A soaring number of mergers and acquisitions, many of them never publicly announced, is overwhelming antitrust regulators, a major problem for the Biden administration’s hopes of intensifying scrutiny of corporate power centers like Silicon Valley.

Already this year, companies across all industries have sought to buy or merge with others worth at least $92 million almost 3,000 times — roughly 40 percent more than before the pandemic in 2019 — according to federal data. Regulators at the Federal Trade Commission, charged with upholding competition laws alongside the Justice Department, are warning they are unable to adequately review this magnitude of activity.

Regulators and antitrust advocates are particularly worried about acquisitions by Silicon Valley giants. While big acquisitions, like Amazon’s plans to purchase MGM, are the subject of press scrutiny and regulatory attention, hundreds of other purchases fly under the radar because of financial market guidelines and antitrust laws, which only require companies to disclose their largest deals. As they seek to take on tech titans’ power, regulators are increasingly paying attention to how tech companies gobble up smaller potential competitors before they have a chance to develop enough to provide consumers with serious alternatives.

But limited resources, and what some regulators consider an outdated antitrust framework, represent a direct threat to the administration’s goal of cracking down on what it sees as excess corporate power in certain industries. The White House, key policymakers such as FTC Chair Lina Khan and progressives on Capitol Hill have signaled intense interest in taking on monopolies, and the inability to keep up with the pace of mergers represents a major challenge.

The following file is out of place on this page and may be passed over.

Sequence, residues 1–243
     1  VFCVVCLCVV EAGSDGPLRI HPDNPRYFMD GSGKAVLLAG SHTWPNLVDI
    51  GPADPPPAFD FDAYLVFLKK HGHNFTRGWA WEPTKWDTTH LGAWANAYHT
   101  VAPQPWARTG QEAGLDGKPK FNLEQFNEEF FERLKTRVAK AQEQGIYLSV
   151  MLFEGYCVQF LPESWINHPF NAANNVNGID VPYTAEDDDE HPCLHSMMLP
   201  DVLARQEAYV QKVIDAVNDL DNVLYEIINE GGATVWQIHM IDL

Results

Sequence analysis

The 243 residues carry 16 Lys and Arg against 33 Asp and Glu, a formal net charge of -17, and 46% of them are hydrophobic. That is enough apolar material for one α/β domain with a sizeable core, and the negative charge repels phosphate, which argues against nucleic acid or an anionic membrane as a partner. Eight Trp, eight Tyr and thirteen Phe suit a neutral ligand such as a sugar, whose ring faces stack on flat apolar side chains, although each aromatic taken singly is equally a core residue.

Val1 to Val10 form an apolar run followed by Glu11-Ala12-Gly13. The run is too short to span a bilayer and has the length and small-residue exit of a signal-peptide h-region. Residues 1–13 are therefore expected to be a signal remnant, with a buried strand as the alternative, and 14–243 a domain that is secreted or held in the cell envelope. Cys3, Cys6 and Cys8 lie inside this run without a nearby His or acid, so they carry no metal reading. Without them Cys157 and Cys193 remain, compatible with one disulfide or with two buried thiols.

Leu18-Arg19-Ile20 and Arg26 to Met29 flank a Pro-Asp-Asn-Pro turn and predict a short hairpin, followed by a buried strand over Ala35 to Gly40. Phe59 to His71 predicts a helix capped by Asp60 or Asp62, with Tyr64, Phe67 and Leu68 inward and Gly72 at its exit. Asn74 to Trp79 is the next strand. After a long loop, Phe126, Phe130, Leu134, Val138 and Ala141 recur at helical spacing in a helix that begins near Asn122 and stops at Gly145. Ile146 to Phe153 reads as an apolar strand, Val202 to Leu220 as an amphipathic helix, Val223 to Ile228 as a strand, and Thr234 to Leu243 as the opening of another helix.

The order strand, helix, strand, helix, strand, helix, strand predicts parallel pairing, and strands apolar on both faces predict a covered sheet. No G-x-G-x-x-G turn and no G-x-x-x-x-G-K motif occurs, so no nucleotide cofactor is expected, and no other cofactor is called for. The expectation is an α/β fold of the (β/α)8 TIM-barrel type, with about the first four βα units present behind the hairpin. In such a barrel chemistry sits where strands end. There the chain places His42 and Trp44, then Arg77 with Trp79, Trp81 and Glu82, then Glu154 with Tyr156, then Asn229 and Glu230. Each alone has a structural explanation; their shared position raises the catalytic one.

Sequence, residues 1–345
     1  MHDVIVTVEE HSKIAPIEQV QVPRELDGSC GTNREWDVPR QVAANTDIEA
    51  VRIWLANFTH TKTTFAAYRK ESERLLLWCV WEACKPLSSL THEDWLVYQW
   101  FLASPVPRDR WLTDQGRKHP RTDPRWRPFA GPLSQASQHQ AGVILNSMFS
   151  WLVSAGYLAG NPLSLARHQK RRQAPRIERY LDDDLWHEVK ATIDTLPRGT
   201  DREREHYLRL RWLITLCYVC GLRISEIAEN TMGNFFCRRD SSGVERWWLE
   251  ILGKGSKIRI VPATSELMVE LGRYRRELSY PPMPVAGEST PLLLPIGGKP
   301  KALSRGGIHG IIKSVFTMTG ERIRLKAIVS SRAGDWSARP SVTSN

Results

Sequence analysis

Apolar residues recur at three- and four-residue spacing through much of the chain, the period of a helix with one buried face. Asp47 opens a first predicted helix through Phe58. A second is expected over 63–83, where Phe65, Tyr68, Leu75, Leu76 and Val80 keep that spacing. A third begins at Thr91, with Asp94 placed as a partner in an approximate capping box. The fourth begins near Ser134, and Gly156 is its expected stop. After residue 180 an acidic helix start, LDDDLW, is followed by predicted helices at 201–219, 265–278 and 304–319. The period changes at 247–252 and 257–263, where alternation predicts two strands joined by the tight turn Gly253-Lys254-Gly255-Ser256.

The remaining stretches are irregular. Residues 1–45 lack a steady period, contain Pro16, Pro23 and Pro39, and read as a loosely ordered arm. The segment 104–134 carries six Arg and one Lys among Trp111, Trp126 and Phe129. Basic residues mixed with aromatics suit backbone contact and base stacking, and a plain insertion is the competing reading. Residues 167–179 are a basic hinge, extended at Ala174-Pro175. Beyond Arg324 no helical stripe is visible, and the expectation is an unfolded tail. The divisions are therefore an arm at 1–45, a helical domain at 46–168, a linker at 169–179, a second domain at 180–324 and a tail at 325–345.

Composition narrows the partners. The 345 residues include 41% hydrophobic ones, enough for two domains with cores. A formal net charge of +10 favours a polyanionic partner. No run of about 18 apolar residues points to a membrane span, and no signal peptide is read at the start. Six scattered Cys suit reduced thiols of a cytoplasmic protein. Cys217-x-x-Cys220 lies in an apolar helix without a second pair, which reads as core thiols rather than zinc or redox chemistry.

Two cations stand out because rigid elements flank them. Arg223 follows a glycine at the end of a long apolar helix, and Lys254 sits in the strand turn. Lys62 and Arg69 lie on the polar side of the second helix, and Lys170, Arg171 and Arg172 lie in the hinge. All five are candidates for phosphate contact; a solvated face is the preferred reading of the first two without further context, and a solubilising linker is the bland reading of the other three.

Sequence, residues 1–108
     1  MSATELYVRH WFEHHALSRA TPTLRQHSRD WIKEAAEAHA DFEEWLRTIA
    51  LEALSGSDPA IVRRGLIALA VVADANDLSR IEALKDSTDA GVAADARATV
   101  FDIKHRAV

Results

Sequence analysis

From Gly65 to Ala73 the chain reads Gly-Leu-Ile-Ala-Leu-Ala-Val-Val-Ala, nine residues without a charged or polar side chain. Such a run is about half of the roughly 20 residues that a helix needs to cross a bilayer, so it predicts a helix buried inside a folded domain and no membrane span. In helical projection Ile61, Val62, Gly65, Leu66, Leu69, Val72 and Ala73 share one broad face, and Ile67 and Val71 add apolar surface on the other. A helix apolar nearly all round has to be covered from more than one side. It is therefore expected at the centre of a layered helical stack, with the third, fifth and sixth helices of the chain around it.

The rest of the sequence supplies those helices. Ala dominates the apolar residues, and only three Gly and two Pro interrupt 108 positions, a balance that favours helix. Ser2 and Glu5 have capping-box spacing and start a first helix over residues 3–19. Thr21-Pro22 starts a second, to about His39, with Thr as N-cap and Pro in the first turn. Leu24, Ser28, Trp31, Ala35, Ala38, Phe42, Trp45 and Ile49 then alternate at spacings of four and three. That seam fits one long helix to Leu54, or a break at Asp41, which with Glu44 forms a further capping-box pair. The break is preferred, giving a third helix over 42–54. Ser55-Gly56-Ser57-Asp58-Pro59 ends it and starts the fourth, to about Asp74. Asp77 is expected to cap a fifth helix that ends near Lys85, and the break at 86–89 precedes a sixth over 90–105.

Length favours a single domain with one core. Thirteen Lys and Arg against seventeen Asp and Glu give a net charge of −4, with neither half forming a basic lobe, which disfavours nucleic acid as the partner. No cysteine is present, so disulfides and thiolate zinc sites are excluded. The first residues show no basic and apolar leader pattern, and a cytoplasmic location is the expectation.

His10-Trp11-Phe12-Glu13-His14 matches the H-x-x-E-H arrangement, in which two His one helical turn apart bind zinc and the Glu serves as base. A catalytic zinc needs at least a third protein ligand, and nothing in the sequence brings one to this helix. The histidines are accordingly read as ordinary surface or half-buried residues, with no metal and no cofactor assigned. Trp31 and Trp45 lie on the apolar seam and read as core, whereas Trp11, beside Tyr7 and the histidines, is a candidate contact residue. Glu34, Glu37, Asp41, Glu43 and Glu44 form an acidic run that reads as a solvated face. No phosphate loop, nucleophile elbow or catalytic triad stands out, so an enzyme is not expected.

Courts also have been deeply skeptical of arguments that tech giants are illegal monopolies, issuing two recent decisions rejecting antitrust allegations made against Facebook and Apple.

That means the quiet and rapid acquisitions of other companies by tech giants is having an unforeseen effect on the economy, experts warn.

“We won’t know the effects of the concentration that’s happening for some time, and neither will the general public,” said Krista Brown, a senior policy analyst at the American Economic Liberties Project, a liberal think tank that studies antitrust policy. “If we don’t have a record of what’s happening or what type of oversight and competition enforcement are working, then we will have missed an opportunity to know where things are slipping.”

The FTC requires companies to report every acquisition worth more than $92 million. In a study released Wednesday, the FTC said Microsoft, Apple, Google, Facebook and Amazon together made 616 acquisitions from 2010 to 2019 that fell below that reporting threshold but were worth at least $1 million. Many of those acquisitions probably were never disclosed at all.

“This study highlights the systemic nature of their acquisition strategies,” FTC chair Lina Khan said in releasing the study. “It captures the extent to which these firms have devoted tremendous resources to acquire start-ups, patent portfolios and entire teams of technologists, and how they were able to do so largely outside the purview of the antitrust agencies.”